Replication

High Availibility Database Replication Setup

Replication Setups

A) Master - Slave

  • 2 Servers required
  • Instant backup (the slave may be seconds or hours behind the master)
  • Slave does not impact the performance on master, it's asyncronous, so the master does not wait for the slave
  • Dumps can be done on slave, without locking the master
  • Switching slave to master is easy, but restoring the old master is tricky..

B) Master - Master

  • 2 Servers required
  • Instant backup (the slave may be seconds or hours behind the master)
  • Performance impact should be low on active master
  • Setup is easy: it's basically only a Master → Slave connection in both directions
  • Do not write into both servers!
    • If both servers are inserting or updating in the same table replication will break on one server due to “duplicate entry” error. To resolve this issue you have “auto_increment_increment” and “auto_increment_offset” settings.
  • master-master setup as active-passive replication: If we know that only one node is performing data modifications we can avoid many possible problems. In case of the failover “slave” could be easily promoted to a new master. Data modifications are automatically replicated to failed node when it comes back up.

C) Galera Cluster

  • min. 3 Servers required (to avoid split-brain situation with 2 Server)
  • performance is as slow as the slowest node!! all writes need to be confirmed, because of syncronous replication
  • A fake quorum server 'garbd arbitator' can be setup, which does not run an actual database

Master <-> Master Setup

Get two nodes running on two machines with SSL connection.

This works even over internet connections between different datacenters, but the slave lag may be 0 seconds, minutes or even hours, depending on the connection and load on the servers.

my.cnf Options

# on Server A:

server-id               = 1
gtid-domain-id          = 1

# on Server B:
# server-id               = 2
# gtid-domain-id          = 2

log_bin                 = /var/log/mysql/mysql-bin.log
log_bin_index           = /var/log/mysql/mariadb-bin.index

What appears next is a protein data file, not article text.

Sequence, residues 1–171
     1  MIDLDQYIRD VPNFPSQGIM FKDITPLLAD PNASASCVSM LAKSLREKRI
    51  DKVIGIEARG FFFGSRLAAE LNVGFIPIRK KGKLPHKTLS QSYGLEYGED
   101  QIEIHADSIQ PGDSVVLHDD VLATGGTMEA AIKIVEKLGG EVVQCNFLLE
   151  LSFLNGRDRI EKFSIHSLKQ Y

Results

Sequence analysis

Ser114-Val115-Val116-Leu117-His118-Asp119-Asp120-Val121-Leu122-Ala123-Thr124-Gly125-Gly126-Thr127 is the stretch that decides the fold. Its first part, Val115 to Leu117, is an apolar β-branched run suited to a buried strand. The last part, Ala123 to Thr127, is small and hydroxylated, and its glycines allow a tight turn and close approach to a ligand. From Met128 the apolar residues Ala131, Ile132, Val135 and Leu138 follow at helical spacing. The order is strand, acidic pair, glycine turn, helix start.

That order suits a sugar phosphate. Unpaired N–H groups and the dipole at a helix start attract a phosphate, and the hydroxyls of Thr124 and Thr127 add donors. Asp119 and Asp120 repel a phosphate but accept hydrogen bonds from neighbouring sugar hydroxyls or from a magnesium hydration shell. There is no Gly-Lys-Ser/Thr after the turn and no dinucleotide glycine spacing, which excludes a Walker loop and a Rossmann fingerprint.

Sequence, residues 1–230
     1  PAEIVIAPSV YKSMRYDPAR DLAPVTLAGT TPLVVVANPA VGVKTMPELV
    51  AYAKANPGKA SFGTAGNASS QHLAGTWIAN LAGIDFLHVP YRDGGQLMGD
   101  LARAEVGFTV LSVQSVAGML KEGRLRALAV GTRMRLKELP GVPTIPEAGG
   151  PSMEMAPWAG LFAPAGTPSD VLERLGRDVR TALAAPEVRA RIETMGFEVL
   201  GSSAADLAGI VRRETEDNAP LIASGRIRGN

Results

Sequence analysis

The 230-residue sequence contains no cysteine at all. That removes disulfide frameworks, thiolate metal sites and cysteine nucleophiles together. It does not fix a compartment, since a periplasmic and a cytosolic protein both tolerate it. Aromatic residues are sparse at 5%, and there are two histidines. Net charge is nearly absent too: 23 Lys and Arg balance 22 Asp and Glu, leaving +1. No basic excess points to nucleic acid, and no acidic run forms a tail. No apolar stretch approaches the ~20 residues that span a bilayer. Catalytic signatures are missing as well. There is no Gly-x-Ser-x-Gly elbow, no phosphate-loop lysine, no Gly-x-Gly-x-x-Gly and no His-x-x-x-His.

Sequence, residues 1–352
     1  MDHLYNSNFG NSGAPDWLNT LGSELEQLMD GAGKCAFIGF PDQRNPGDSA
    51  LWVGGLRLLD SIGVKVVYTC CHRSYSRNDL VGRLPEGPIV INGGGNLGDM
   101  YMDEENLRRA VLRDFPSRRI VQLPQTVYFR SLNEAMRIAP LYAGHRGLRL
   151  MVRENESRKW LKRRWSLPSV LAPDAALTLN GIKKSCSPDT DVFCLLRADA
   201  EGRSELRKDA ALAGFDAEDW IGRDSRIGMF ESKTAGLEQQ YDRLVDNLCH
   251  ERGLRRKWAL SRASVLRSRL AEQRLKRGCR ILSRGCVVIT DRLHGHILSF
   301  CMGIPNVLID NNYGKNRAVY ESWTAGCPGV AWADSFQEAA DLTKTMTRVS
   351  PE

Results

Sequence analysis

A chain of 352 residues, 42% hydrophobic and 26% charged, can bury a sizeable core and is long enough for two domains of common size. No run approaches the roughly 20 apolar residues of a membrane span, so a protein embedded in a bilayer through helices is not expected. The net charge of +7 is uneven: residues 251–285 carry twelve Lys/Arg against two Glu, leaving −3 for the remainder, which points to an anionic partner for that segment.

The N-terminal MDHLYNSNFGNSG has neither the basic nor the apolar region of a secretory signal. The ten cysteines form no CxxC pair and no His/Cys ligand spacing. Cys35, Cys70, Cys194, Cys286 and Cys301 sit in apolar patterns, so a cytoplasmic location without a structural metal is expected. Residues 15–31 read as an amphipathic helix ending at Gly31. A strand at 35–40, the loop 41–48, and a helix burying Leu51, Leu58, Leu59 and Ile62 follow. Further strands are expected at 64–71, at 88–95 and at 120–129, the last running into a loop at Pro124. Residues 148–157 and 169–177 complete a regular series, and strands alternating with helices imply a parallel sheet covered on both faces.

relay_log               = /var/log/mysql/relay-bin
relay_log_index         = /var/log/mysql/relay-bin.index
relay_log_info_file     = /var/log/mysql/relay-bin.info

expire_logs_days        = 10
max_binlog_size         = 100M

# binlog_do_db           = example,...  # you may set specifc dbs for replication, leave at to sync all dbs
binlog_format=ROW
log_slave_updates=1

Activate replication

Import data e.g. from a innobackup on the slave - ideally it is the same data. at least it should not have much lag, so export on the running master server and import ASAP.

Log into you mysql console as root for the various sql commands:

mysql -u root --password=xxxx

Add a replication user on both nodes:

GRANT REPLICATION SLAVE ON *.* TO 'replicator'@'%' IDENTIFIED BY 'xyxyxyxyxyxyxyxyxy' REQUIRE SSL;

The password must not be longer than 32 chars or you get permission denied after the first restart!!

On Server B - the first Slave: Import a fresh myxtrabackup from server A - the first master as soon as possible.

The best way to sync the first slave is to get the binlog position from the backup, because there might be writes on server A in between so the slave needs to catch up from the backups' position:

cat /var/lib/mysql/xtrabackup_binlog_info 

get some info like this:

mysql-bin.000002        9235331

Set all replication parameter - use values from above to set the position:

CHANGE MASTER TO MASTER_HOST='1.2.3.4', MASTER_USER='replicator', MASTER_PASSWORD='xyxyxyxyxyxyxyxyxy', MASTER_PORT=3306, MASTER_LOG_FILE='mysql-bin.000002', MASTER_LOG_POS=9235331, MASTER_SSL=1, MASTER_SSL_CA = '/etc/mysql/ssl/ca-cert.pem', MASTER_SSL_CERT = '/etc/mysql/ssl/client-cert.pem', MASTER_SSL_KEY = '/etc/mysql/ssl/client-key.pem';

START SLAVE;
SHOW SLAVE STATUS \G;

The slave should be running now and seconds_behind-master should decrease.


And the reverse connection: Server A becomes Slave, too:

On Server A - the first Master:

stop slave; # so the master writes do not change the log position show master status\G;

..  
File: mysql-bin.000052
Position: 597
..

On Server B:

FIXME: Insert the values from server A, but first Lock the tables:

FLUSH TABLES WITH READ LOCK; 

CHANGE MASTER TO MASTER_HOST='1.2.3.4', MASTER_USER='replicator', MASTER_PASSWORD='xyxyxyxyxyxyxyxyxy', MASTER_PORT=3306, MASTER_LOG_FILE='mysql-bin.000052', MASTER_LOG_POS=597, MASTER_SSL=1, MASTER_SSL_CA = '/etc/mysql/ssl/ca-cert.pem', MASTER_SSL_CERT = '/etc/mysql/ssl/client-cert.pem', MASTER_SSL_KEY = '/etc/mysql/ssl/client-key.pem';
start slave;
show slave status\G;

You should see:

Slave_IO_State: Waiting for master to send event
...
Seconds_Behind_Master: 0

Seconds_Behind_Master is the slave lag. It may be 0 or should be descreasing as the slave catches up.


FIXME there are discussions to run myxtrabackup with –no-lock, because at the end of the process it sets a FTWRL (flush tables with read lock), which can take 5-10 seconds or even much longer, depending on the running queries. During that time Write queries are blocked. Need to test, if the import works with binlog postion from xtrabackup_binlog_pos_innodb which is generated anyway without lock.


GTID

Switch to global-transaction-id is very easy, if you run mariadb. GTID is the modern, prefered replication method and it should be more reliable… although it might be more complicated to fix, if it breaks (i don't know yet).

STOP SLAVE;
CHANGE MASTER TO master_use_gtid=slave_pos;
START SLAVE;

show slave status\G;

Not you should see last lines like this:

Using_Gtid: Slave_Pos
Gtid_IO_Pos: 1-1-4416385,2-2-28619,0-2-8
 
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linux/databases/mysql/replication.txt · Last modified: 2018/09/29 08:49 by tkilla